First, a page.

Emerald City (1988)
Successful screenwriter Colin Rogers (John Hargreaves) moves from Melbourne to Sydney with his publisher wife Kate (Robyn Nevin) and their children, Sam (Haydon Samuels) and Penny (Ella Scott). When his latest screenplay is rejected by producer Elaine Ross (Ruth Cracknell), Colin starts working on a TV mini-series with Mike McCord (Chris Haywood), a hustler more interested in money and deals than artistic merit.
When their project, Coastwatchers, bombs in the ratings, Colin becomes infatuated with Helen Davey (Nicole Kidman), Mike’s much younger girlfriend. Kate says Colin is being adversely affected by moving from the more serious and cultured climate of Melbourne to the crass commercialism and empty glamour of Sydney. Worried about his age and writing ability, Colin contemplates an affair with Helen.
Film production in Australia in the ’80s is remembered as the decade in which ‘hustlers’ and ‘cowboys’ such as Mike McCord in Emerald City churned out dozens of movies that had little to do with artistic merit and everything to do with financial wheeling and dealing. With extremely generous tax concessions attracting investors who had not previously been involved in the business, the 1980s was a boom time for the Australian film industry.
Australia’s most successful contemporary playwright and writer or
co-writer of film classics including Gallipoli (1981) and Don’s Party (1976), David Williamson was perhaps better qualified than anyone to cast his satirical eye over the state of the Australian film industry at this time. The 1987 production of his play, Emerald City, had been a major hit and seemed like a natural for screen adaptation.
Williamson adapted his play for the screen but during filming the principal cast members insisted on restoring much of the play’s dialogue which had been excised. Faced with a potential mutiny, director Michael Jenkins felt he had little option but to accept the changes.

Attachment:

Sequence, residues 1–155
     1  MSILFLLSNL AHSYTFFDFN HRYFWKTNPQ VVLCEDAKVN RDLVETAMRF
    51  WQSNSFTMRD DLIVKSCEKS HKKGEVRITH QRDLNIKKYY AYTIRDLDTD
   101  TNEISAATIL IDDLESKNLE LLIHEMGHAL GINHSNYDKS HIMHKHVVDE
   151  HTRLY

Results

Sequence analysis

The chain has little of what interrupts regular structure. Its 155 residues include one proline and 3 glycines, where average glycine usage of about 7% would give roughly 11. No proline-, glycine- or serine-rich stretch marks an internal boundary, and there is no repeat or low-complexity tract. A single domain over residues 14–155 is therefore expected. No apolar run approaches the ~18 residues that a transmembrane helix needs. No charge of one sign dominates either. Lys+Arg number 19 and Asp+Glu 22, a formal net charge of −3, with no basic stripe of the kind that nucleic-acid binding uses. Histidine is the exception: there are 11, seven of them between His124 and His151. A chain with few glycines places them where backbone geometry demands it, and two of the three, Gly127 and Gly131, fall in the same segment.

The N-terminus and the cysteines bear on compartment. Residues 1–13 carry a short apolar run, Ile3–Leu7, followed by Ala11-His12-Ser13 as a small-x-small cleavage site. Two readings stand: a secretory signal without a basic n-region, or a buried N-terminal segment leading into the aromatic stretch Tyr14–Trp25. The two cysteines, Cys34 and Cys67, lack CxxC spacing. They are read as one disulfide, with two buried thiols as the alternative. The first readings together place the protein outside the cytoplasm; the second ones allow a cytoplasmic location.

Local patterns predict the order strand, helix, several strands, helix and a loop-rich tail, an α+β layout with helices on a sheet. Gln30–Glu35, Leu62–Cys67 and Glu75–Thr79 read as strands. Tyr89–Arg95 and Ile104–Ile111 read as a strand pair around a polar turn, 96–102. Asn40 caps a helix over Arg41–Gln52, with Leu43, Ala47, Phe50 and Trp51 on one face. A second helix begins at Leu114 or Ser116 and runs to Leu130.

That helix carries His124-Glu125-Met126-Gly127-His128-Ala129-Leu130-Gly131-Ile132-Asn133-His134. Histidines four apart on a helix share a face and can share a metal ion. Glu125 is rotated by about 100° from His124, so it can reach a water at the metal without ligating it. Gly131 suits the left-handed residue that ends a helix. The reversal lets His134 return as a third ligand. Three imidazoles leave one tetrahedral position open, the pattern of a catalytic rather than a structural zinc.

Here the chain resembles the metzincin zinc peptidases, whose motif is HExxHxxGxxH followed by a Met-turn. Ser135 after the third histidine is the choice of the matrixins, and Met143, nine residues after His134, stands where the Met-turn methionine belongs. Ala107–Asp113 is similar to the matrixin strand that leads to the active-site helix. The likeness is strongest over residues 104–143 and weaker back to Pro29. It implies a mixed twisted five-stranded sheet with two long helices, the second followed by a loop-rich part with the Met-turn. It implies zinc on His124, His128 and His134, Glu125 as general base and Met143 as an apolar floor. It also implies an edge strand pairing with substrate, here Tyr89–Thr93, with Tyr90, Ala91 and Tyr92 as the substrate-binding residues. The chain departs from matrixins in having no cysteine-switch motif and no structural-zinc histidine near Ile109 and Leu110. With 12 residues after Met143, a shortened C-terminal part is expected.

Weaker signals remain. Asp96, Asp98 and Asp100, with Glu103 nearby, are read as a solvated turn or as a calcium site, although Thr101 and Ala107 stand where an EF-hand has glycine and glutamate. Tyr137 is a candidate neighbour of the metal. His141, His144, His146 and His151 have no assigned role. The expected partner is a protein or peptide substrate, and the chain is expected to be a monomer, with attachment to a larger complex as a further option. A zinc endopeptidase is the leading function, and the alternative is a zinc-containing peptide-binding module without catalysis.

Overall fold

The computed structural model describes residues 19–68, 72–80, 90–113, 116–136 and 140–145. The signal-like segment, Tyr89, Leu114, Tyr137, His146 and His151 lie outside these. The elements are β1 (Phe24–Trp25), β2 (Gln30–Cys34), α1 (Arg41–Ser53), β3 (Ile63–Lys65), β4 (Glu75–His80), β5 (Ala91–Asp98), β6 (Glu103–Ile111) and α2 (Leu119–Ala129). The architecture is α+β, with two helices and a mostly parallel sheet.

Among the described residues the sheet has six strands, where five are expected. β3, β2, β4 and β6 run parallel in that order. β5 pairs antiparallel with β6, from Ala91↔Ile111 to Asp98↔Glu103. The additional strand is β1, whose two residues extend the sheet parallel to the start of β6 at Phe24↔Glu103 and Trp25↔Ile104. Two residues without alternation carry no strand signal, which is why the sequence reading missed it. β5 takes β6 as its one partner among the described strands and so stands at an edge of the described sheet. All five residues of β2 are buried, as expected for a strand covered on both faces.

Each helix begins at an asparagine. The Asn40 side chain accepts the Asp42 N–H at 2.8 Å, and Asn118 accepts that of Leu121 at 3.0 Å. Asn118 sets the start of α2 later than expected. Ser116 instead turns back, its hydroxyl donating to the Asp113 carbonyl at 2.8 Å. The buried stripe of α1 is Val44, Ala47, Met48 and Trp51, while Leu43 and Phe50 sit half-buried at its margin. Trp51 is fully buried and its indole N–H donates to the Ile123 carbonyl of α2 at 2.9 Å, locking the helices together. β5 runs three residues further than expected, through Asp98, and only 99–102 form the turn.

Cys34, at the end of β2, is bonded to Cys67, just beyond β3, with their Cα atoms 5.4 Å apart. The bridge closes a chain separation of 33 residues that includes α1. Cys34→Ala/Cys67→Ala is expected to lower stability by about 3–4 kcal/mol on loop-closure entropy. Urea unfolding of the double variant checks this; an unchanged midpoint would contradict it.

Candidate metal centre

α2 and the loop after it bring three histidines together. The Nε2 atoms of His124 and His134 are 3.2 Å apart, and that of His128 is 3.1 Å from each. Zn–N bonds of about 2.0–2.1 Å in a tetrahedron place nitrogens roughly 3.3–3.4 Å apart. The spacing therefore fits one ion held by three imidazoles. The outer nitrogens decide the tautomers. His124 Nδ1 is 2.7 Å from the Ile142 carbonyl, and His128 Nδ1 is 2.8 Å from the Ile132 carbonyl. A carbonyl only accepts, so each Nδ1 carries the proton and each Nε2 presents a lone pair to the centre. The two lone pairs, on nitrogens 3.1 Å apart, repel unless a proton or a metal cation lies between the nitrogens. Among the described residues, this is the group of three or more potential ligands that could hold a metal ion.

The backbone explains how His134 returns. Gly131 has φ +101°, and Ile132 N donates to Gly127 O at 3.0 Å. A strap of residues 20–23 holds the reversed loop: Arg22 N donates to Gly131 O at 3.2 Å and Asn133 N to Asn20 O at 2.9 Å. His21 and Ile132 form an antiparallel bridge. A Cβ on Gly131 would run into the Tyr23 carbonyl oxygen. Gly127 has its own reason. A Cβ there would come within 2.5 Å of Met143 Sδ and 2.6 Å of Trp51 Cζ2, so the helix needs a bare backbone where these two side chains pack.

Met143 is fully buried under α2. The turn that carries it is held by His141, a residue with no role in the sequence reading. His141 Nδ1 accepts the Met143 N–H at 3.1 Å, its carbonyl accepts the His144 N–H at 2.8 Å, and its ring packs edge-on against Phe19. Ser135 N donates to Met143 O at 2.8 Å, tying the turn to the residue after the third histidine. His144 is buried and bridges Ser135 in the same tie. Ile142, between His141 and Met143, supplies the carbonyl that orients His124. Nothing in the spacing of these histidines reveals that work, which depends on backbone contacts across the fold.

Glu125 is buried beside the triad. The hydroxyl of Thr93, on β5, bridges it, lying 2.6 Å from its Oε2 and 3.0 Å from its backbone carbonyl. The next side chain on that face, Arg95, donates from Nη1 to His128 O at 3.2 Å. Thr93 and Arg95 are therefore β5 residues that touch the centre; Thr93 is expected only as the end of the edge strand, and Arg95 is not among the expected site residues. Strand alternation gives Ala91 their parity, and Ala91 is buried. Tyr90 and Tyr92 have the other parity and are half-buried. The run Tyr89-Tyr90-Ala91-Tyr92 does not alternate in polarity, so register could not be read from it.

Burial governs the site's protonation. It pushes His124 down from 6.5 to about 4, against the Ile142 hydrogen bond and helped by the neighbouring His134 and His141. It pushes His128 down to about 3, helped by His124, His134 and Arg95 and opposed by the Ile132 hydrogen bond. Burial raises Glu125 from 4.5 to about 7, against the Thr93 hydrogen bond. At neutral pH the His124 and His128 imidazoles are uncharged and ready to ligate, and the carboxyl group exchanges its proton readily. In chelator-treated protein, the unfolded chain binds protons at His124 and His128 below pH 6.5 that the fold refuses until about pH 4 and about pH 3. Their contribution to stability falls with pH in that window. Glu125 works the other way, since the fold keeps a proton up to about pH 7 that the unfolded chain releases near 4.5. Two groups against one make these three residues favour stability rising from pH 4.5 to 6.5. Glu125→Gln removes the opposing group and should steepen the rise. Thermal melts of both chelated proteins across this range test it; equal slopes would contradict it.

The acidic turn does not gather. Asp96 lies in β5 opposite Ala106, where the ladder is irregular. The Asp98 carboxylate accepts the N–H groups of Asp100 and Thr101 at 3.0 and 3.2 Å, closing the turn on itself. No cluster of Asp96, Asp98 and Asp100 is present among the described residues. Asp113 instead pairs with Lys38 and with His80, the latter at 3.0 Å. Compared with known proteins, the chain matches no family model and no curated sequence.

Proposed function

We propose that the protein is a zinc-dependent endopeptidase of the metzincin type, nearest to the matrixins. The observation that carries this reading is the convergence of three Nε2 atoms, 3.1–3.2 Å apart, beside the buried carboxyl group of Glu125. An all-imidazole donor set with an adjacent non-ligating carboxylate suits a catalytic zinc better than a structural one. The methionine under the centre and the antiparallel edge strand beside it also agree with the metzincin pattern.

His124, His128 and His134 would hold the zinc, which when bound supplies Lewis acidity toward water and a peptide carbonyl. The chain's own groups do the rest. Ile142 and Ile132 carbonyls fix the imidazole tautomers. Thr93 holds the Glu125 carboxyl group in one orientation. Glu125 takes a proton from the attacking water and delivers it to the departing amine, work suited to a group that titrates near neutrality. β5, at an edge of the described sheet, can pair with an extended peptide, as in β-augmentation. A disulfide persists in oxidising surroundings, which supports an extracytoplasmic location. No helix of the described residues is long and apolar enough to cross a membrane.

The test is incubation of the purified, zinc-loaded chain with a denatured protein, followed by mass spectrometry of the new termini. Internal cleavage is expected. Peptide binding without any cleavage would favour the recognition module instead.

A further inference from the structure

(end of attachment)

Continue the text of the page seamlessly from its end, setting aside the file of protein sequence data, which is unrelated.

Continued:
The result is a spotty film. There are many wonderfully acerbic observations about the ultra-commercial side of filmmaking (see clip two), but with so much extra dialogue to fit into the original script, the actors frequently deliver lines in the rapid-fire style of an old Hollywood screwball comedy. Such a style does not suit the dialogue very well and some of the humour is lost along the way.
Both play and film adaptation explore two major themes. The first is the longstanding rivalry between Sydney and Melbourne. Scriptwriter Colin Rogers (the character is loosely based on Williamson) and his publisher wife Kate represent serious and intellectual Melbourne, where artistic merit is paramount. Colin’s reptilian producer, Elaine Ross, hack writer Mike McCord and Mike’s calculating girlfriend Helen (Nicole Kidman, just prior to hitting the international spotlight in Dead Calm, 1989) are imbued with Sydney’s reputation for being obsessed with property values, water views and celebrity glamour: ‘New York without the intellect’, as Kate puts it (see clip one).
The other central theme is ageing. Colin is painfully aware that despite his status as Australia’s most acclaimed and successful screenwriter, he is getting older. Colin is worried about his future, especially in Sydney where he has made a rocky start with the ratings failure of Coastwatchers (see clip three).
Emerald City does have its spiky charms and is worth a look for its contribution to the eternal Sydney vs Melbourne debate. It was released in Australian cinemas on 9 December 1988 and nominated for five AFI Awards in 1989: Best Actor (Hargreaves), Supporting Actress (Kidman), Adapted Screenplay (Williamson) and Cinematography (Paul Murphy), with Chris Haywood winning the prize for Best Supporting Actor.